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Wretch of rude and rugged soul,
Stranger to pity's soft control,
Who violates the rural glee
Of Nature's sweetest minstrelsy,
Who banishes the race of love,
The tuneful tenants of the grove,
Unpeoples all the vocal ground,
And desolates the hills around !
Ye throstles blithe, whose matin strains
Melodise the lonely plains;
Ye nightingales, the woods among,
Where warbles wild your midnight song,
If e'er my fond enamour'd ear
Hath loved your siren plaints to hear,
If e'er my steps have loved to tread
The dewy vale and moonlight mead,
Where the lone mate in craggy dell
Bemoans her absent Philomel,
Or to the trees in piteous strains
Still of her plunder'd nest complains ;
And all ye various-plumed train,
Who haunt the stream or wing the plain ;
Hence, gentle birds, spontaneous flee
With peace, with safety, and with me,
And seek with me the distant vales
That smooth the rugged brow of Wales,
Where of hills a mighty mound
Rears its magic circle round :
There in some villa's calm recess
Health my careless days shall bless.
There lead me forth at break of morn,
Ere sounds the hunter's buglehorn,
There oft shall win my willing ear
Your unbought harmony to hear;

Yet my grateful hands shall pay
With due reward your carois gay;
And to your bills the crumbs afford
That fall from my unpamper'd board,
And build for you the winter shed,
The wicker'd roof and mossy bed.
To your arbour's private home,
Hither, gentle wanderers, come;
Through the copse and by the streams
Tune your nature-prompted themes ;
And to the charmed ear of Spring
Such enchanting descants sing
As may beguile Affliction's tear,
Such as innocence may hear;
Soft as the gales young Zephyr brings,
Or the plumage of your wings;
Far sweeter than the feeble note
Warbled from a eunuch's throat,
Far sweeter than the lisping lays
Which the siren Flattery pays,
At her late and early hour,
On the golden shrine of Power.

When the shades of evening come,
Here the busy bees shall hum,
Here shall range the thymy beds
When her dews young morning sheds,
And love my limits lone and still
More than Hybla's honey'd hill.
These hives, the green parterres among,
Be your cells, industrious throng;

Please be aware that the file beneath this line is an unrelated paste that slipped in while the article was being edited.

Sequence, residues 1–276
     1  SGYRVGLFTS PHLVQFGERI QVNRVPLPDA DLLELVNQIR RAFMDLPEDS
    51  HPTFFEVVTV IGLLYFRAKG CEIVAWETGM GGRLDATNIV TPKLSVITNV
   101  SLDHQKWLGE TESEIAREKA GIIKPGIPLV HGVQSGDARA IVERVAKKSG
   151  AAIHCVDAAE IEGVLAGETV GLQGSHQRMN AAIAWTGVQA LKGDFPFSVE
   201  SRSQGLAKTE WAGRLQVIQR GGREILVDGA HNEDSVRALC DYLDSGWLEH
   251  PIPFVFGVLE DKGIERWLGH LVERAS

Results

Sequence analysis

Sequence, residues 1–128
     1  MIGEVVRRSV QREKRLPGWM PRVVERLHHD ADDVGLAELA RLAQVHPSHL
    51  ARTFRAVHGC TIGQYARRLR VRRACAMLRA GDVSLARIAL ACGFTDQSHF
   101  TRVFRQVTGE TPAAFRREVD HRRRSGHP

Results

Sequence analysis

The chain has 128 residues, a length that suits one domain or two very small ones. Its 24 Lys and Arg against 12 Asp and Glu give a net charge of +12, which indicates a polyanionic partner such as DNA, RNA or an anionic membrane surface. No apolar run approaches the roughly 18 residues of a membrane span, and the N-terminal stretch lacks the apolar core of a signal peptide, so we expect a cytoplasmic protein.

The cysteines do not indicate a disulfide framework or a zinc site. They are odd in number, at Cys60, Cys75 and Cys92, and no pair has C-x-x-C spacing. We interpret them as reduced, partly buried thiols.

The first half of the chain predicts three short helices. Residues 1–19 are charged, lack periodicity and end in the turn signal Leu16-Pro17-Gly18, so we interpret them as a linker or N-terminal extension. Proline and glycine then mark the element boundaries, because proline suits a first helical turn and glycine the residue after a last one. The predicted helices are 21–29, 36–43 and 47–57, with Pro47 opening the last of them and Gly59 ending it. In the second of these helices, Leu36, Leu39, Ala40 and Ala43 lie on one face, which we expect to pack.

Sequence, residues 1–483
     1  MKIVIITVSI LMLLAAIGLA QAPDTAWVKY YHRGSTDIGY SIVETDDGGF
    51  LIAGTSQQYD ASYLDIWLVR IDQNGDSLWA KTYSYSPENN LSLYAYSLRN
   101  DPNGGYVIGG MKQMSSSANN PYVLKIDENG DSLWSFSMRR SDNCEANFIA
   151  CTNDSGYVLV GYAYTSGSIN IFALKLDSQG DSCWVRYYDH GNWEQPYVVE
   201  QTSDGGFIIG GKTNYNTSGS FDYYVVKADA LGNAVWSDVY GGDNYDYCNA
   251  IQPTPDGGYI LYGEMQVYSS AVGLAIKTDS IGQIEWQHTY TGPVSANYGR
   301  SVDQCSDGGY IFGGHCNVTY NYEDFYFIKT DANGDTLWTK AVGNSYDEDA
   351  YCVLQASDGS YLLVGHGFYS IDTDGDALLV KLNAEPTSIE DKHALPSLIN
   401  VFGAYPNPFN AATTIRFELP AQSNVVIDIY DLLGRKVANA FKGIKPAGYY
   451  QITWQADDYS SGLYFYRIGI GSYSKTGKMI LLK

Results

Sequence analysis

Nor from your nectar-streaming hoard
Refuse, to grace my simple board,
A portion due, content that here
No drone invades your dulcet cheer,

No creeping flames your hives annoy,
Nor music lures you to destroy.

You too, ye feather'd tribes of air,
The same security shall share ;
Here shall dread no secret net
Mid the thorny thicket set;
Nor kites nor hawks, a bloody throng,
Nor griping vulture's talon strong,
Who, taught by man, with rage refined,
Devour their own devoted kind.
Say, silvan quire, what dire offence
Hath stain'd your native innocence,
That danger thus, with ceaseless course,
Pursues your flight, your haunts explores ?
Oft have I seen your callow care
Hard-struggling in the birdlime snare:
So the rash youth, in grief I said,
If once the path of vice he tread,
Caught in the toils of treachery,
In vain long labours to be free:
But ne'er hath pride your minds possess'd,
Harmless offspring of the nest,
Nor folly e'er your hearts beguiled,
Nor guilt disgraced your manners mild,
Which still to active instinct true
Kind Nature's simple paths pursue.

Nor these the only ills you bear,
Winged inhabitants of air :
From danger and from death you fly,
Alas! to loss of liberty ;
Condemn'd to leave your native groves,
Unfinish'd songs, and feather'd

ves; Condemn’d to change your airy downs For busy streets of peopled towns :

Long, long the drooping captive dwells
In cruel cages, grated cells;
Oft wishful views some distant tree,
And pants and flutters to be free;
With grief and rage would fain expire,
And leaves a plume on every wire.

REV. J. WALTERS.

TO THE SPIRIT OF FRESHNESS. O Thou, the daughter of the Vernal Dew, That, glistering to the morn with pearly light,

The gentle Aura woo'd

Beside a dripping cave; There, midst the blush of roses, won the nymph To dalliance, as in sighs she whisper'd love;

There saw thee born, as May

Unclosed her laughing eye; Spirit of Freshness, hail! At this dim hour While, streak'd with recent gray, the dawn ap

Where sport thy humid steps, [pears,

Ambrosial essence, say?
Haply, thy slippers glance along my path
Where frosted lilies veil their silver bells

Beneath the lively green

Of their full-shading leaves.
Or dost thou wander in the hoary field
Where, overhead, I view the cautious hare

Nibbling, while stillness reigns,
The light-sprent barley blade ?

Or dost thou hover o'er the hawthorn bloom,
Where, in his nest of clay, the blackbird opes

His golden lids, and tunes

A soft preluding strain; Ór art thou soaring mid the fleeced air To meet the dayspring, where the plume-wet lark

Pours sudden his shrill note

Beneath a dusky cloud?
I see thee not-But lo! a vapoury shape
That oft belies thy form, emerging slow

From that deep central gloom,

Rests on the moon-tipp'd wood. Now, by a halo circled, sails along, As gleams with icicles his azure vest,

Now shivers on the trees,

And feebly sinks from sight. 'Tis cold! and lo! upon the whitening folds Of the dank mist that fills the hollow dell,

Chill Damp with drizzly locks

Glides in his lurid car, Where a lone fane o'er those broad rushes nods In slumberous torpor; save when flitting bat

Stirs the rank ivy brown

That clasps its oozing walls !
Yet, yet, descending from yon eastern tent
Whose amber seems to kiss the wavy plain,

A form, half viewless, spreads

A flush purpureal round.
I know thee, Freshness! Lo! delicious green
Sprinkles thy path. The bursting buds above

With vivid moisture glow,
To mark thy gradual way.

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